Today, RF/MMIC engineers designing multi-chip modules require “circuit-level” EM simulation and modeling to meet the increased demands for higher levels of system integration. Modules providing full system-level functionality require passive support circuitry in addition to typical active components. These passive components typically include circuits such as 90-degree couplers, 180-degree couplers, in-phase couplers, filters, diplexers, and transmission line structures.
Baluns are very important support circuitry used in high-frequency circuit design. The 180-degree balun is a major component in heterojunction bipolar transistor (HBT) as well as pseudo high-electron mobility transistor (pHEMT) push-pull amplifiers, balanced mixers, balanced frequency multipliers, phase shifters, balanced modulators, dipole feeds, unbalanced to differential converters for differential signaling, and numerous other applications. Additionally, analog circuits requiring balanced inputs and outputs to reduce noise and minimize high order harmonics, and improve the dynamic range of the circuits  are also good candidates to benefit from this type of balun structure.
Derivation of a Marchand Balun
A balun, by definition, is a transformer used to connect balanced or differential transmission-line circuits to unbalanced or single-ended transmission-line circuits. Several different kinds of balun structures have been developed over the years; however, new interest in transmission-line type baluns emphasizes the need for them to be planar, compact, and more suitable for mixers and push-pull power amplifiers. In addition, several types of baluns have been used for microwave integrated circuits (MICs) and monolithic microwave integrated circuits (MMICs).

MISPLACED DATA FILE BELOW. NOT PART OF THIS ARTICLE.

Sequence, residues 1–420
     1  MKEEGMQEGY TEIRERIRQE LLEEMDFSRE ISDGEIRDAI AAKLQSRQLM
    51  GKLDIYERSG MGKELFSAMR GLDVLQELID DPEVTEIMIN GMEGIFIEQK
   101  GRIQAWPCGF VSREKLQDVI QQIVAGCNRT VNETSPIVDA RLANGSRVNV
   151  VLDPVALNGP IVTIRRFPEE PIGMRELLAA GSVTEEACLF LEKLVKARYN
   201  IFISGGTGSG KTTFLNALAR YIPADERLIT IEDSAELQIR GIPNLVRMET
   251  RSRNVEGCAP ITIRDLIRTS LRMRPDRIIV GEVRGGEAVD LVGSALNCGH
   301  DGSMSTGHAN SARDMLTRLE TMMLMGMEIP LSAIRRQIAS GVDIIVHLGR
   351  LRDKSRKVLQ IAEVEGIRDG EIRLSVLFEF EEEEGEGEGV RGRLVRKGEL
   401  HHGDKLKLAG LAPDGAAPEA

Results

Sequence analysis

The most popular is the planar version of the Marchand balun because it is easy to implement and provides wide bandwidth. The Marchand balun has a documented wider bandwidth compared to other balun designs due to improved phase and amplitude balance. Looking at the development of the Marchand balun from the typical balun design illustrates why it has a superior physical layout and measurement results. Figure 1a shows the typical balun layout and Figure 1b shows the schematic of the balun.
The coaxial balun illustrated performs best when the RF currents between the center conductor and the inner conductor are in perfect balance. On the other hand, the currents on the coaxial shield can either flow on the inside or the outside of the shield. As more current flows on the outside of the shield, the amplitude and phase balance between the terminals of the balanced port degrade. Figure 2 illustrates the schematic of the coaxial balun and that the -180-degree port has characteristic impedance to ground and a corresponding resonant frequency related to the coaxial cable’s outer jacket shield.
The amplitude and phase balance of this balun varies with the impedance of the jacket to ground. The balun structure can be optimized to have improved amplitude and phase balance with the addition of a “balancing “section of coaxial cable, as shown in Figure 2a, and its corresponding schematic in Figure 2b.